There are nearly one million divorces a year in the United States alone, involving billions of dollars of asset division and financial settlement arrangements. Oftentimes, when an individual is faced with a divorce, the thought of so many changes occurring so quickly can make anyone want to hide his/her head in the sand. However, finances and the financial dissolution of your marriage should be placed at the top of your “to do” list and considered the most important “action item” of your divorce.
adminThe Focus on Finances through Divorce by Wake County Divorce Lawyers Gailor Hunt Jenkins Davis & Taylor
Divorce is stressful, and trial can create added pressure and anxiety. You and your attorney have spent extensive time and resources preparing your case and compressing the details of your marriage into what will result in just days — or even hours — of trial. Your attorney will prepare you for what it is to come, and now the day has arrived… you go to court. Set forth are three simple tips to help you prepare for your day in court.
adminPreparing for Your Day in Divorce Court by Raleigh-based family lawyers of Gailor Hunt Jenkins Davis & Taylor
When a marriage ends in North Carolina, the easiest part of the legal process is getting divorced. North Carolina is a “no fault” divorce state, meaning either spouse is entitled to a divorce so long as certain statutory requirements are met.The most common way to obtain an absolute divorce in North Carolina is to be separated for one year. Under N.C. Gen. Stat. §50-6, a judge or clerk may grant a divorce judgment if husband and wife have lived separate and apart for one year, with the intent of at least one spouse not to resume the marital relationship; that is, that the separation be permanent.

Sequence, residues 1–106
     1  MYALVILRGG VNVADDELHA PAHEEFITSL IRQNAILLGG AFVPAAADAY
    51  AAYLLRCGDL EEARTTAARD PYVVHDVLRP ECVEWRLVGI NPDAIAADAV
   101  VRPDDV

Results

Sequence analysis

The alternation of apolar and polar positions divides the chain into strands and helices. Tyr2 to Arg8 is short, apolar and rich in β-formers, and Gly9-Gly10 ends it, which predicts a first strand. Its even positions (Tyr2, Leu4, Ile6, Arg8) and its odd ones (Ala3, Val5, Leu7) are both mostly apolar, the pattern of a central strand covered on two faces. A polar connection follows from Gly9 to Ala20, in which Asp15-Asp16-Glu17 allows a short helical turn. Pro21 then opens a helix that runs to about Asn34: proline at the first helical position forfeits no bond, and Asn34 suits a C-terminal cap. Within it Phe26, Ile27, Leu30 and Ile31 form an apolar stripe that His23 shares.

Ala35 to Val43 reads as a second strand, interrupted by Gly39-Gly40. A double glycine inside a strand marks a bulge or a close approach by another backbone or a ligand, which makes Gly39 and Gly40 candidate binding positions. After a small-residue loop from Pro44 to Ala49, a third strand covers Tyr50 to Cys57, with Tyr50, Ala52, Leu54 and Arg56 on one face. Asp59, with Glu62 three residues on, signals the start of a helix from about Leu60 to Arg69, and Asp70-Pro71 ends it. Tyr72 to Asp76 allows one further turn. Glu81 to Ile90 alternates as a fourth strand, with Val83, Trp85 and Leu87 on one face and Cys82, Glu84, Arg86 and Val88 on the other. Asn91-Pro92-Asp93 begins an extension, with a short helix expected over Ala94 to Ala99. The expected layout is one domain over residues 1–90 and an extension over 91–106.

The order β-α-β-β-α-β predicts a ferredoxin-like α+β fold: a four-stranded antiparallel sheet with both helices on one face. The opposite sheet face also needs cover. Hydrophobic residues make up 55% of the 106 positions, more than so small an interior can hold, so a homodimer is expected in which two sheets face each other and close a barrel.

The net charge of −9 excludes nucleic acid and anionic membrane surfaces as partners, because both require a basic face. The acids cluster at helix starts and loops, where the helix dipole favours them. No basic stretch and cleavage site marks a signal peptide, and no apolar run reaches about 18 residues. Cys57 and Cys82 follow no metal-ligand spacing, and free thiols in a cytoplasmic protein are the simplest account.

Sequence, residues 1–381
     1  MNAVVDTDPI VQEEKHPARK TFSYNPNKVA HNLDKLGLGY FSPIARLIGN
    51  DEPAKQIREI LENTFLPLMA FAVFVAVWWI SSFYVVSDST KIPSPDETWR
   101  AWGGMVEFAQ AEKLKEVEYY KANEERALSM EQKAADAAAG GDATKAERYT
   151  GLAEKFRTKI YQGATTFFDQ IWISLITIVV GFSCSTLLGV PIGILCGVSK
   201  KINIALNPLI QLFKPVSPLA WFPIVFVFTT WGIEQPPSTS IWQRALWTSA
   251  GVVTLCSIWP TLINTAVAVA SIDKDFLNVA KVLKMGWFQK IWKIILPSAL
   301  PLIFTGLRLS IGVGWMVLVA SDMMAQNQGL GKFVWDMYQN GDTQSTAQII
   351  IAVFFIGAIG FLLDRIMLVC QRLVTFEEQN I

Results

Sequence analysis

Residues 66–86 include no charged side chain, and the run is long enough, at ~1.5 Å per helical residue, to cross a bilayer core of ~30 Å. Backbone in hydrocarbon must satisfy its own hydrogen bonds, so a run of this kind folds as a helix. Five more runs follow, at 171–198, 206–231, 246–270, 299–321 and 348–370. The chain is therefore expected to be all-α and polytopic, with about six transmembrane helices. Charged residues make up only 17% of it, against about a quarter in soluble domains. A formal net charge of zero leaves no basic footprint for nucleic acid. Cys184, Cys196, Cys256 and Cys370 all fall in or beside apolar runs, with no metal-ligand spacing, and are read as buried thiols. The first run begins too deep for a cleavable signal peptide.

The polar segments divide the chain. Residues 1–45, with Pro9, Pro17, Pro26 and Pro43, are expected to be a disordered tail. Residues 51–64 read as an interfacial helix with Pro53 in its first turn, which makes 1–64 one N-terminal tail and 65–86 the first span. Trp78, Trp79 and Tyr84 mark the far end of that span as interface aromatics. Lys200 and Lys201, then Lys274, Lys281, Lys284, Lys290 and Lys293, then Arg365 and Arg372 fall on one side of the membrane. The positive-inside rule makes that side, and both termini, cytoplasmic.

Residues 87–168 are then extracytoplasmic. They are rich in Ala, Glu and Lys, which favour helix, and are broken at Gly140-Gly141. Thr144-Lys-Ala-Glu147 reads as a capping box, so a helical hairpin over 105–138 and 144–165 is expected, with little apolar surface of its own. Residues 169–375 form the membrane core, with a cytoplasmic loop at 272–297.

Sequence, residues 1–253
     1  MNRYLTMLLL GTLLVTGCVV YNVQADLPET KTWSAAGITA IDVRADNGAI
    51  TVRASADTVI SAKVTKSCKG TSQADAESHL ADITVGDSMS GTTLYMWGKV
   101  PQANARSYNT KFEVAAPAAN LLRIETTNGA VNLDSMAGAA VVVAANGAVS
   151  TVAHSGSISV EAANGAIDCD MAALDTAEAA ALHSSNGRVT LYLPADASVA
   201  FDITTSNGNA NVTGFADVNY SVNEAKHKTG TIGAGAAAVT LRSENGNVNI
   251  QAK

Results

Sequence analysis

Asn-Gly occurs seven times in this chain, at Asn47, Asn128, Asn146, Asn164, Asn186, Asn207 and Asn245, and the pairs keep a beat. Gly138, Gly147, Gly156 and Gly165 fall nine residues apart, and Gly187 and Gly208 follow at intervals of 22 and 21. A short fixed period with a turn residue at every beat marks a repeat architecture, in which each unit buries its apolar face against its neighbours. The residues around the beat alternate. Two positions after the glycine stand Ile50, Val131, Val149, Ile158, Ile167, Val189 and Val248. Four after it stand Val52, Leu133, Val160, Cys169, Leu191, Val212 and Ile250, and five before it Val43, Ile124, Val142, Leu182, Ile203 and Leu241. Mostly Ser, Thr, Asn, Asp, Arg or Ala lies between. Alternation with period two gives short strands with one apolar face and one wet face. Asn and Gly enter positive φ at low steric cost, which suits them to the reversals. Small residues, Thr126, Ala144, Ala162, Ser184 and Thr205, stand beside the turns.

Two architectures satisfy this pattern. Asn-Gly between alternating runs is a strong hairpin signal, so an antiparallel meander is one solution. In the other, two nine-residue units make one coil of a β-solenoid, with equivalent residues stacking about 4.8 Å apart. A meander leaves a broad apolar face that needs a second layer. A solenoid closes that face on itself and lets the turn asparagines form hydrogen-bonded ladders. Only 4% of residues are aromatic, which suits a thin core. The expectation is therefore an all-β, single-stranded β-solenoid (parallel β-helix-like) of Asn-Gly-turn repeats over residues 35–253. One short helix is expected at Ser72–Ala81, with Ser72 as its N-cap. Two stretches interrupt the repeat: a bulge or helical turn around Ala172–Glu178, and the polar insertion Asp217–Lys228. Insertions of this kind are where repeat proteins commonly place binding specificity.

adminAbsolute Divorce Explained by Raleigh Divorce Lawyers Raleigh-based family lawyers of Gailor Hunt Jenkins Davis & Taylor explain the requirements for Absolute Divorce.
According to the Centers for Disease Control and Prevention’s National Vital Statistics Report on Births, Marriages, Divorces and Deaths, there were 65,817 marriages and 36,708 divorces in North Carolina in 2009. The high rate of divorce means that many people face navigating a divorce while owning a business.
adminAsk the experts: Prepare for marriage, divorce so they don’t tear business apart
Under North Carolina law, an obligation to pay alimony under a court order terminates if the party receiving support engages in cohabitation. “Cohabitation” is defined by statute as “the act of two adults dwelling habitually in a private, heterosexual relationship, even if the marriage is not solemnized by marriage or a private homosexual relationship. Cohabitation is evidenced by the voluntary assumption of those mutual rights, duties, and obligations which are usually manifested by married people, and which include, but are not necessarily dependent on, sexual relations. ” N.C. Gen. Stat. 50-16.9 (2012).
adminRaleigh divorce attorney, S. Nicole Taylor, on the Effect of Cohabitation on Alimony in North Carolina
RALEIGH, NC / ACCESSWIRE / November 5, 2014 / In the United States today, approximately fifty percent of all marriages end in divorce. This increasing number of failing marriages gives rise to the need for divorcing parties to deal with a number of extremely sensitive, difficult and emotional issues, one of the biggest issues being rights to the child or children. In North Carolina, custody is based upon what a Judge finds to be in the “best interests” of the minor children. The “best interests of the children” standard is described by North Carolina courts as the “polar star” for determining custody.
adminRaleigh Divorce Lawyer Explains Custody: Legal vs. Physical